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Ethanol: Don't Knock It
"Gasoline is growing scarcer, and therefore dearer, all the time... Automobiles cannot use gasoline for all time, of that I am sure, and alcohol seems to be the best substitute that has yet appeared." (US House and Senate hearings on the "Free Alcohol" bill, 1906)
This statement could easily have been made today. High quality oil was becoming scarce by the 1920s and lower grade oil was being brought onto the market, resulting in engine knock in automobiles. As a result there was a great deal of research into the usability of low quality oil in automobile engines.
Eventually GM selected tetra-ethyl lead (TEL) as an anti-knock gasoline additive. This solution, known today as "leaded gasoline," was the most profitable alternative and therefore GM would lead the public to believe that it was the only alternative. Other viable additives were available, including ethyl alcohol which was not patentable. Certainly there was pressure on GM research to come up with a patentable solution.
Studies of Ethyl alcohol (Ethanol) as a fuel for internal combustion engines began in 1906 where it was found that significantly higher engine compression ratios could be achieved with alcohol at lower B.T.U. At that time it was determined that the fuel economy was virtually equal for alcohol and gasoline. The U.S. Geological Service (USGS) concluded that alcohol was "a more ideal fuel than gasoline" with better efficiency, though at a higher cost. Alcohol had many advantages over gasoline such as no smoke or disagreeable odors.
Furthermore, TEL proved to be dangerous. In the 1924 / 1925 time frame, several workers died and many others were exposed to lead poisoning at two separate TEL manufacturing facilities. Thomas Midgley Jr. from GM subsequently told the government that no alternatives existed.
"So far as science knows at the present time, tetraethyl lead is the only material available which can bring about these [antiknock] results, which are of vital importance to the continued economic use by the general public of all automotive equipment, and unless a grave and inescapable hazard exists in the manufacture of tetraethyl lead, its abandonment cannot be justified." - Thomas Midgley Jr. 1925.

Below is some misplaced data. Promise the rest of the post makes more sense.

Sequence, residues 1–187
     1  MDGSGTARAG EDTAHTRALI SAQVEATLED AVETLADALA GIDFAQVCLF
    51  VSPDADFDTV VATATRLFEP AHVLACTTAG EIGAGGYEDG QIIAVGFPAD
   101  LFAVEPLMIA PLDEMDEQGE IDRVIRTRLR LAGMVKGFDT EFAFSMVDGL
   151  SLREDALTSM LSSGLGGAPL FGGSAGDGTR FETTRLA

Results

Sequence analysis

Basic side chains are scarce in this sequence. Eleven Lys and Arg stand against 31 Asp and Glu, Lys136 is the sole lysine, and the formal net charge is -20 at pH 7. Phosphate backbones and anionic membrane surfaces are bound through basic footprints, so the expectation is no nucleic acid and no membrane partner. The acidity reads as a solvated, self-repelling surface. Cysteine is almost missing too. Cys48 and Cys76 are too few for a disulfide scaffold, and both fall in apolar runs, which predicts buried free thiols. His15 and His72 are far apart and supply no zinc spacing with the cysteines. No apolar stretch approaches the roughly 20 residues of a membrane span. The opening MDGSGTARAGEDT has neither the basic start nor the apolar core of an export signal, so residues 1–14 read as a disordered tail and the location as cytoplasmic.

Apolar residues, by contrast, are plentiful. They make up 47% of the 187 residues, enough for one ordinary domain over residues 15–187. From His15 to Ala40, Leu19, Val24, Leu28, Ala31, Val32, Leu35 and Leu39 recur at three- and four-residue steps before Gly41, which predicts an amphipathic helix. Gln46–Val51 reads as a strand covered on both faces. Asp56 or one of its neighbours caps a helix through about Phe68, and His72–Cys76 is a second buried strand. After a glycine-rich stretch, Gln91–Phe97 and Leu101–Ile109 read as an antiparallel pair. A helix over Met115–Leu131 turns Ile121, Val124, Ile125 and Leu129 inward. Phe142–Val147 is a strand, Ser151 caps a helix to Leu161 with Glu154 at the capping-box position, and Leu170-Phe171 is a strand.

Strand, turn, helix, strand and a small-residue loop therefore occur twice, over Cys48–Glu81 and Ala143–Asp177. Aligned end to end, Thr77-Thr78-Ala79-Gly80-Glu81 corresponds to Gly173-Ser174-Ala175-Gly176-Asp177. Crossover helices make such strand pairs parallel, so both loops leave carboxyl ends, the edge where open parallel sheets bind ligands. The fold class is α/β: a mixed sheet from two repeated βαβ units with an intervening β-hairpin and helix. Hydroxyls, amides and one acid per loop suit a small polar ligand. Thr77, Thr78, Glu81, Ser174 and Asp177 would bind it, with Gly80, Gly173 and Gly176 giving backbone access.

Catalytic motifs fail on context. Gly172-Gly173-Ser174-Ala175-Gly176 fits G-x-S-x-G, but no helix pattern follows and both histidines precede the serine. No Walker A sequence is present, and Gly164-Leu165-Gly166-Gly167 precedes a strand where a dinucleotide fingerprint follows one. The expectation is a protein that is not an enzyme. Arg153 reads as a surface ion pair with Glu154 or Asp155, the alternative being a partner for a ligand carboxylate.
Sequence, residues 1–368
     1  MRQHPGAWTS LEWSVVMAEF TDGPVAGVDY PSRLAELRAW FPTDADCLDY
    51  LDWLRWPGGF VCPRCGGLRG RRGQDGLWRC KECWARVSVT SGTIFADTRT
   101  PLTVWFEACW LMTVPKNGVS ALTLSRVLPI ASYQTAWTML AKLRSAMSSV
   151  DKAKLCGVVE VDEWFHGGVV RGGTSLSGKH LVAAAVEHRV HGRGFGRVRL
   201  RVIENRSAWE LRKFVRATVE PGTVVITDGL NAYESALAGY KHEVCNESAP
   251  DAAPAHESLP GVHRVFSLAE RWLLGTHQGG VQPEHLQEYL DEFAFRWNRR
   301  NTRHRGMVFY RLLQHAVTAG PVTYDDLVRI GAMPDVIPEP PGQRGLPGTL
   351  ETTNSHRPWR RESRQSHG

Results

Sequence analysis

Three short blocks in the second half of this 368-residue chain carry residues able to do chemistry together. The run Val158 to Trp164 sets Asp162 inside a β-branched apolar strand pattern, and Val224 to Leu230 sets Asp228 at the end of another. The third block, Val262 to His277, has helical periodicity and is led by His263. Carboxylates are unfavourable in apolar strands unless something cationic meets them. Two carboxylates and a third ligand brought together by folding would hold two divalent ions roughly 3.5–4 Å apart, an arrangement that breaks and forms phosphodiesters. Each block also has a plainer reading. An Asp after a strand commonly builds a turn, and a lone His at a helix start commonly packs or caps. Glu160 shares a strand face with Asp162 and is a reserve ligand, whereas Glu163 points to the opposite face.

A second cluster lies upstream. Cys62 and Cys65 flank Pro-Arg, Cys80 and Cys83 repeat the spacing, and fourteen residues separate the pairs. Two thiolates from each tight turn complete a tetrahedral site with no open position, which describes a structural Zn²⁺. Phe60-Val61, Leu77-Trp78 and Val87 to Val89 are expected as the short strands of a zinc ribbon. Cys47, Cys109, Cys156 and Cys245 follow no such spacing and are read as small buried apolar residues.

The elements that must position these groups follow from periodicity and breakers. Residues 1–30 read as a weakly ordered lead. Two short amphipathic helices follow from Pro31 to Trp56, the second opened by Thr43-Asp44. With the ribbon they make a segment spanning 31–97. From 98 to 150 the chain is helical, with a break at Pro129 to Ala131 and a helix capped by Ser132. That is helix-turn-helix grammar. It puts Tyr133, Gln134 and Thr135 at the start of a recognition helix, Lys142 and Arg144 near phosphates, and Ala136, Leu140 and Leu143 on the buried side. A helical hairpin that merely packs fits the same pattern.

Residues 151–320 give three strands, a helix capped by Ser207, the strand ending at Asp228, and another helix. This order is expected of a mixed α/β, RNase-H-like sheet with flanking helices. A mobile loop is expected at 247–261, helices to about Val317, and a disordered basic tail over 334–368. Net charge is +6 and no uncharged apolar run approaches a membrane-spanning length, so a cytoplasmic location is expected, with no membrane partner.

At this particular time, farmers were hurting as a result of prohibition and needed new markets for grain products. It was certainly plausible for the farm industry to produce enough ethanol to replace TEL as the anti-knock additive of choice.
However, The Public Health Service, after investigating the accidents, allowed leaded gasoline to remain on the market. It is safe to say that in this instance the PHS did not do its job and TEL-enhanced gasoline continued to dominate. Finally, in 1986, the United States banned TEL, not because of health concerns, but because of TEL's adverse effect on catalytic converters. Meanwhile, other countries such as the UK curtailed the use of alkyl leads due to the adverse health effects of lead emissions, especially on children.
Today the United States is a world leader in ethanol production and makes over 7 billion gallons of ethanol-blended gasoline per year. This represents approximately 12% of fuel sales including E85 (85% ethanol 15% gasoline) and E10 (10% ethanol 90% gasoline).
Although many people complain about ethanol-blended gasoline, they often lose sight of the reasons for its use. Not only is it better for the environment, it will also enable car owners to enjoy the use of gasoline for many years to come for two primary reasons: (1) it reduces petroleum consumption; (2) it enables the gasoline producers to use lower grade oil.
 Thomas Midgley Jr. was the chief fuel researcher at General Motors. He developed both the tetra-ethyl lead (TEL) additive to gasoline and chlorofluorocarbons (CFCs). One historian declared that Midgley "had more impact on the atmosphere than any other single organism in Earth history."
Steve Auger is the author of Blog On Smog
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